In many ways, the book is a love letter to Georgia. Tell us about some of your favorite spots in your hometown.
I’ll give a shout-out to Buford Highway because it’s full of culinary gems. The sprawling Plaza Fiesta has everything you could want from Latin American cuisine, from fresh churros to Mexican barbecue. We hosted our Lunar New Year community banquet at Canton House, where you can get dim sum any time of day. Off of Memorial Drive is Wyatt’s Barbecue, a little spot that’s been there for over thirty years. My mom loves the pig sandwiches, but they also have great rib tips, and I’ve actually ordered their smoked turkey for Thanksgiving. Another great barbecue place is Daddy D’z. Atlanta has a great energy and diversity for foodies and restaurant entrepreneurs. Southern hospitality is part of the reason I came back from up north and stayed here, even though I’ve traveled around the world.
Egg Rolls & Sweet Tea often harkens back to both your and your parents’ upbringing. What’s one memorable childhood memory around food?
Well, ironically, I was allergic to a lot of things when I was little, so I couldn’t eat hardly anything. When I grew up and could try foods again, I got the nickname of “raccoon foodie,” trying to eat everything to make up for lost time. But lots of my childhood memories are from being outdoors in Smyrna, Georgia, like making dandelion mud pies, sucking the nectar out of honeysuckle flowers, or playing “hide and seek” in the muscadine vines that my dad planted for us. I’d get distracted and start eating the juicy little gems.
My parents really liked to fish, so I grew up swimming and catching bream at Lake Allatoona. I remember the smell of the dock, of fish cooking on the Coleman stove. If I grew up in Los Angeles or New York City, I probably wouldn’t have those special experiences. My parents really liked Southern living, from the food to the sports to being outdoors.
What’s your favorite part of the work you do?
I have the best job in the world. In my workshops, tours, and presentations, I get to see people enjoy themselves and connect with other people. I love seeing people’s creativity shine through food, and I hope my cookbook encourages that. It’s not meant to be like, “You have to do it this way.” I could’ve included some blank pages for folks to have fun with it.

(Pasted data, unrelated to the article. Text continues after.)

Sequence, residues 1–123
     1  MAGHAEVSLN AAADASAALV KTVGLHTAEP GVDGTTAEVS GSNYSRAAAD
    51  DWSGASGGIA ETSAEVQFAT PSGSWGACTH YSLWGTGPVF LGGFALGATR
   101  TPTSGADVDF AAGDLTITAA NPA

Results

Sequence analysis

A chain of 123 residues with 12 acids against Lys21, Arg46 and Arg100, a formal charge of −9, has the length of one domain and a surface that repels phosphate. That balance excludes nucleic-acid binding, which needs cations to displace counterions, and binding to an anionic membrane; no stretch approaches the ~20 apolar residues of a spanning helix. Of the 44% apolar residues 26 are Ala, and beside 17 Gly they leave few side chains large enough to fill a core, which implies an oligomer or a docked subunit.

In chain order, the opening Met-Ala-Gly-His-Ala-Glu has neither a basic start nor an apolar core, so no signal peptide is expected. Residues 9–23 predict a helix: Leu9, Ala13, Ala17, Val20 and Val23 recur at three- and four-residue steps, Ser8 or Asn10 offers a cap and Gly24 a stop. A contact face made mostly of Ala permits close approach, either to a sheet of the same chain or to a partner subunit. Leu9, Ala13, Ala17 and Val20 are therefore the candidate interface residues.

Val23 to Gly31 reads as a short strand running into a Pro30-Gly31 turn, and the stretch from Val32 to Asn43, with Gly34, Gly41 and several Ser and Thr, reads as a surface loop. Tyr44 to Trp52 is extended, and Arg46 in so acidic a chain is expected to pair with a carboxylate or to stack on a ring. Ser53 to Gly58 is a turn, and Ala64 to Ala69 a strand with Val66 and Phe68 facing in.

You’re sharing three recipes with us today. Tell us a bit about them.
Oven-Baked Country Bacon & Collard Egg Rolls: I mean, who doesn’t like a fried egg roll? Historically collards were considered low-class, and now, along with bacon, they are part of the South’s premier comfort foods. Frying them in an egg roll makes them even better.
Georgia Bourbon & Coca-Cola Meatloaf: Georgia is the home of Coca-Cola, and meatloaf is a classic Southern comfort food. Ketchup has some really interesting Asian origins. It started out more like a soy sauce and developed a tomato base as its popularity expanded. Using two different meats makes this meatloaf really nice and tender, and I try to source local beef. I also try to get bourbon from a local distillery.
Okra and Tomato Stir Fry: Okra is quintessentially Southern in a lot of ways, but it’s featured in many other countries and cultures. Here, we love fried okra, but it’s also great in stir fries and curry. I like this colorful, healthy dish because okra is not as slimy when you keep it whole, and the tomatoes impart a really nice flavor without additional sodium. My mom liked this simple stir fry when she needed something quick after long workdays as a schoolteacher.